The news has been mostly positive during the offseason concerning the Georgia offensive line. Both Trinton Sturdivant and Vince Vance seem to be in great shape and on track to step back in to the first team line in plenty of time for the season opener. The presumptive starting line has, knock wood, been able to work together more or less intact over the summer.
The promise of a relatively experienced and talented line has been one of the steadying factors in an offseason full of concerns and uncertainty surrounding other positions on the offense. The strength of the line though depends on them remaining healthy. We’re well tuned in to the well-being of the starters, but there have been some developments that will affect the depth behind that first team.
Reserve redshirt sophomore guard Tanner Strickland injured his shoulder during offseason workouts and will require surgery which will sideline him for the entire 2009 season. Strickland played in all 13 games as a redshirt freshman in 2008 on special teams and as a backup lineman. Before Vance’s return, Strickland was listed as the starting left guard on the official depth chart.
The availability of another guard, Chris Davis, is still up in the air. Davis is one of the more experienced linemen with starts in 2007 and 2008, and he played through much of last season with incredible hip pain. Davis had surgery on the hip in January and missed spring practice, and he’s still not quite back yet. Vance, Glenn, and Anderson give Georgia a solid trio of guards, but the loss of Strickland and the uncertain status of Davis leaves a bit of a gulf in experience between the rest of the interior linemen. The Dawgs would still have some options in the event of injury, but those options would be much younger and much less experienced than Strickland and Davis would be as reserves. The opportunity is there for someone like A.J Harmon or even a true freshman like Chris Burnette to step forward and earn a lot of playing time in a reserve role.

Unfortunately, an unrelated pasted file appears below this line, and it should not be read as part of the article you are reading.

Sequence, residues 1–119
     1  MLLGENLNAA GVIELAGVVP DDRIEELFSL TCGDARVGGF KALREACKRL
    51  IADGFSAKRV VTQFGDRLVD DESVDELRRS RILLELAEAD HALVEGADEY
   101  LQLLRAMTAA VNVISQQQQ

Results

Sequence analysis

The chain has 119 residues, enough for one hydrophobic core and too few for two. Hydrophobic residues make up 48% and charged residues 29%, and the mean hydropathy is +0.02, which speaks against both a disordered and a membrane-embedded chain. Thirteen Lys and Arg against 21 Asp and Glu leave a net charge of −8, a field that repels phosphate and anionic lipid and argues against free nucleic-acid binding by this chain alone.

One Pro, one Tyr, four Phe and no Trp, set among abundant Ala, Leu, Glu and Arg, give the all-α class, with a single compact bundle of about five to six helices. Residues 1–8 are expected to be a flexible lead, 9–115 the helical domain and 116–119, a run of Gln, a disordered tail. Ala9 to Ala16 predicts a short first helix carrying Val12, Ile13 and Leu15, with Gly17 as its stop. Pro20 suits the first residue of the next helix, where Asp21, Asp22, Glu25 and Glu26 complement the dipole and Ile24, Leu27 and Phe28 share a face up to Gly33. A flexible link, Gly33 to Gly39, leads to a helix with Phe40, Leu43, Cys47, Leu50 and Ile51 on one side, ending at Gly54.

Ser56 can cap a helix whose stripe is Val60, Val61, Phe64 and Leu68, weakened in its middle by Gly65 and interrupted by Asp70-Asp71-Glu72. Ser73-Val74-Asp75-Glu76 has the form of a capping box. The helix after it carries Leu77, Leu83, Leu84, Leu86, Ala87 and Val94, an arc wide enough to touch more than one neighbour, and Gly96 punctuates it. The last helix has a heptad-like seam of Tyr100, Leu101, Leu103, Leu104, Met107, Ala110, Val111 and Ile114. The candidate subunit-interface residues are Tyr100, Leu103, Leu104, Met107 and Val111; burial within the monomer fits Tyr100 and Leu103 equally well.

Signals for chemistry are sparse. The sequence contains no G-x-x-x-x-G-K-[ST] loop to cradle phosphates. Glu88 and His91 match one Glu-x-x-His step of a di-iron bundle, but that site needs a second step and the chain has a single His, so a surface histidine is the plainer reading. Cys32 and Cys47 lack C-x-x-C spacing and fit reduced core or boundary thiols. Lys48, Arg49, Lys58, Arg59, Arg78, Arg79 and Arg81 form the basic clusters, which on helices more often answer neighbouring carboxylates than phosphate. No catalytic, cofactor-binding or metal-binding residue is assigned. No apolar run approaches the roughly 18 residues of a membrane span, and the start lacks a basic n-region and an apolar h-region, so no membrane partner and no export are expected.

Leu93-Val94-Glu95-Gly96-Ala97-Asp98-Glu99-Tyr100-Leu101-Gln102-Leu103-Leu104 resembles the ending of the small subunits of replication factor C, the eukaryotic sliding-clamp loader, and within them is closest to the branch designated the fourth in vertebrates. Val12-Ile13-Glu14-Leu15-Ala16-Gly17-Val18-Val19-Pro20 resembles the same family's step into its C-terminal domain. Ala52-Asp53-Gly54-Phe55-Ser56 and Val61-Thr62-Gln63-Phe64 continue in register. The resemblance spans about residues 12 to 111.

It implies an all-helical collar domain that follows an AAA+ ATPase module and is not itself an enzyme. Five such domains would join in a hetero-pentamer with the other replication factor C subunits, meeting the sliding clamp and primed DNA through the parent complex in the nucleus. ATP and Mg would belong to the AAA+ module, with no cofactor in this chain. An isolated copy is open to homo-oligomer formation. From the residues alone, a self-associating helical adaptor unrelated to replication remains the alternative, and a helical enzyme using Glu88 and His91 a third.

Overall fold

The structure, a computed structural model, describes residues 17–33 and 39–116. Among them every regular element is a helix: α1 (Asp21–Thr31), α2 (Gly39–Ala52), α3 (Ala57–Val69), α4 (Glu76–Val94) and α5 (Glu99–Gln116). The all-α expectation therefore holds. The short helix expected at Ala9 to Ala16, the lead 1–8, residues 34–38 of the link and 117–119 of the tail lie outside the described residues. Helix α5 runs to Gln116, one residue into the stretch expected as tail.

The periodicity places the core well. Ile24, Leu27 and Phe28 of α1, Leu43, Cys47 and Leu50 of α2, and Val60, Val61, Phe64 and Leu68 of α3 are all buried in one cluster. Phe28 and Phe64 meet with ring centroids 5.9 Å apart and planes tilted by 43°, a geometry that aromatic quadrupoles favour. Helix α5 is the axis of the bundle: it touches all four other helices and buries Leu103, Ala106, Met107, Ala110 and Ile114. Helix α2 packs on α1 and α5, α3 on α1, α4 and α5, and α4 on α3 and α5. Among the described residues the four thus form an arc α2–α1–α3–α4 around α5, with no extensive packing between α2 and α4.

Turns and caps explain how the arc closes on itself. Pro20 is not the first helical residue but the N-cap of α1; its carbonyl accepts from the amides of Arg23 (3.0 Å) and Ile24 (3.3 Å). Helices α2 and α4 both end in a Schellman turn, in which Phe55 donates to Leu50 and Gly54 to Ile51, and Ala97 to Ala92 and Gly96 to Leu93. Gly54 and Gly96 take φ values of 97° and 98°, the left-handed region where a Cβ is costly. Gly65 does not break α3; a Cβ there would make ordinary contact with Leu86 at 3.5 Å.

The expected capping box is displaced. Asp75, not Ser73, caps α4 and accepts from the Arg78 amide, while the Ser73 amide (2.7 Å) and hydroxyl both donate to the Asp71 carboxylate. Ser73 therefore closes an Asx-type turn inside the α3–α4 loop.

Even tackle has been affected. The position wasn’t terribly deep to begin with, and Kiante Tripp is back on defense this year. Austin Long, from Memphis, was Georgia’s top tackle signee in 2009. Though we’d hope that the days of a true freshman at tackle were behind us, spring back surgery means that Long will be forced to redshirt regardless of need at the position. Sturdivant and Boling are as good as it gets as bookends, but beyond that you’re looking again at Josh Davis or a repeat of the 2008 shuffle that moved Vance and Anderson outside from guard to tackle as needed.